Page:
Duncan Harley reviews Aladdin @ His Majesty’s Theatre, Aberdeen.
Following a thrilling, but ultimately unsuccessful, swordfight arch-villain Abanazar is thrown upon the mercy of the audience.
“What shall we do with him now?” cries Widow Twankey.
A young voice from the front stalls cries out “Kill him! Chop off his head.”
Quick as a flash, Twankey replies “We can do pretty much anything in Panto, but the one thing we can’t do is kill Jimmy Osmond.”
Indeed, the Christmas Pantomime at His Majesty’s Theatre delivers everything from death defying stunts to innuendo laden humour and, of course, gloriously costumed entertainment suitable for children of all ages.
As the undoubted star of the show, Jimmy Osmond’s Abanazar exudes a suitable mixture of evil and cunning as he schemes to steal Aladdin’s magic lamp before, in the second act, delivering a stunning medley of familiar Osmond 70’s classics. As the show progressed the US born star dipped a brave tongue into the Doric, endured several inevitable references to his ‘Long-haired lover from Liverpool’ 1972 hit and generally endeared himself to the audience.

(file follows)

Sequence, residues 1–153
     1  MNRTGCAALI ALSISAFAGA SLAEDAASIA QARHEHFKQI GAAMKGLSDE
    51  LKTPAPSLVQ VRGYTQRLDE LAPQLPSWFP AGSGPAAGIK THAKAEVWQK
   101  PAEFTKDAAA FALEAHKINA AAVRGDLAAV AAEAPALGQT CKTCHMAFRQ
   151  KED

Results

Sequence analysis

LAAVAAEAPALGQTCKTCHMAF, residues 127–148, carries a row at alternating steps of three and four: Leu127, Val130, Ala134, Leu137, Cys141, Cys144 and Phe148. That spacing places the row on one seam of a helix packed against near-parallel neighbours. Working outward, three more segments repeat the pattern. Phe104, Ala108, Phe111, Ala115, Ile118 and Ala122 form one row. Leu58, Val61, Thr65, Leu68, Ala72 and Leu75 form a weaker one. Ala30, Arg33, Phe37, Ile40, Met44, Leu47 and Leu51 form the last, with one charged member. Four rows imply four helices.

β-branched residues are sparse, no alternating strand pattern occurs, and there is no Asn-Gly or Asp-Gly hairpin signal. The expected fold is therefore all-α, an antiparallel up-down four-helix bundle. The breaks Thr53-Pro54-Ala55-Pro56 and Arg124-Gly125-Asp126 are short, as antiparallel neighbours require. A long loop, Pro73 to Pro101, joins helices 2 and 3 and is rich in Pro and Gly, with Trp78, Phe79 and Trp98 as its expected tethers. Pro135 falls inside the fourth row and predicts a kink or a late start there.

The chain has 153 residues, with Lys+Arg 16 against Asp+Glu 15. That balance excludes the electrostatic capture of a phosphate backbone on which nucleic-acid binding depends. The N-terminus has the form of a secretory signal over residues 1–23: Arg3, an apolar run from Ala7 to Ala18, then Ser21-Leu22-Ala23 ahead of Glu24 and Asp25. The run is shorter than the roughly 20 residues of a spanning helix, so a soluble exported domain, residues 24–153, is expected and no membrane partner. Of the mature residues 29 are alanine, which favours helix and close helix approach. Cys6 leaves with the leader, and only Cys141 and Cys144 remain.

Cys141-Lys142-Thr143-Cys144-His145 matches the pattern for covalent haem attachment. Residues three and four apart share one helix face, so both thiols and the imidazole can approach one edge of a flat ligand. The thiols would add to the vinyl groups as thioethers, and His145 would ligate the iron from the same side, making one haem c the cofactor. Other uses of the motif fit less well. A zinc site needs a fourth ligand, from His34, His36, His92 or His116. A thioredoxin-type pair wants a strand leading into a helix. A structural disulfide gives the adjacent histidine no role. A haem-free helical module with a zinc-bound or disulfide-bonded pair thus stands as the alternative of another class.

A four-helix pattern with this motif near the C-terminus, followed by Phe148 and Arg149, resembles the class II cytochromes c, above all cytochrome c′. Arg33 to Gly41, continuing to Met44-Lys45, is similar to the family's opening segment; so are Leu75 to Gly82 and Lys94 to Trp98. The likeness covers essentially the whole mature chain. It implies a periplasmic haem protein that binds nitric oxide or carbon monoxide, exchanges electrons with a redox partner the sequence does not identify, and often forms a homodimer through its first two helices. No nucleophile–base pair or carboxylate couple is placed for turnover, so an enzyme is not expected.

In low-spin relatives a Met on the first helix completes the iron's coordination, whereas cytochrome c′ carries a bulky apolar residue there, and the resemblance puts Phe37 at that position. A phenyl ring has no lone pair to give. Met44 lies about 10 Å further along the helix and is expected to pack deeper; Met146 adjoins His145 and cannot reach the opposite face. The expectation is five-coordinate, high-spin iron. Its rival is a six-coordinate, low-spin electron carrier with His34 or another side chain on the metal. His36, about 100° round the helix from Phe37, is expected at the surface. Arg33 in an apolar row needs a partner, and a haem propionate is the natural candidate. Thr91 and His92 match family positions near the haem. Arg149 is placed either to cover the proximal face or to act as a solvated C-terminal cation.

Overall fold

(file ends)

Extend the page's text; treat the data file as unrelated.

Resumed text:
There were flying carpets galore, an impressive Bush-of-Truth stunt, a flying Jordan Young and, perhaps surprisingly, an ethereal appearance – as the Voice of the Genie – by Elaine C. Smith.
Costumes of course are at the core of Panto and although Alan McHugh’s Dame Twankey outfits outshone most in that department, Emperor Ming’s jewel-laden headgear really took the biscuit for ponderosity. Indeed, it’s a wonder that Billy Riddoch’s head remained upon his shoulders throughout the performance.
Irreverent humour is of course the mainstay of any Aberdeen Panto and inevitably both Trump and the Scottish Parliament took a bashing. The Trump reference took the form of a not-so subtle ‘trouser cough’.
As for ‘Hollyrude’, well it would be unfair of me to give away the punch-line but let’s just say that it involves the Bush-of-Truth.
Special effects are to the fore in this production and the overall entertainment quotient is a massive 5 stars.
Add in Jordan Young’s Aladdin on the Ladder sketch and a few comedic references to Echt, Tillydrone, Mintlaw, Balnagask, Ellon, Buchan, Tarves and Oldmeldrum and you have a winning combination of belly-laughs and completely splendid entertainment. Indeed, at the end of the night, there wasn’t a dry eye in the house and for all the right reasons.
I did wonder why Inverurie failed to get a mention though.
With the pupils of Aberdeen Academy of Dance, written by Alan McHugh and directed by Tony Cownie, Aladdin plays at HMT Aberdeen until January 7th.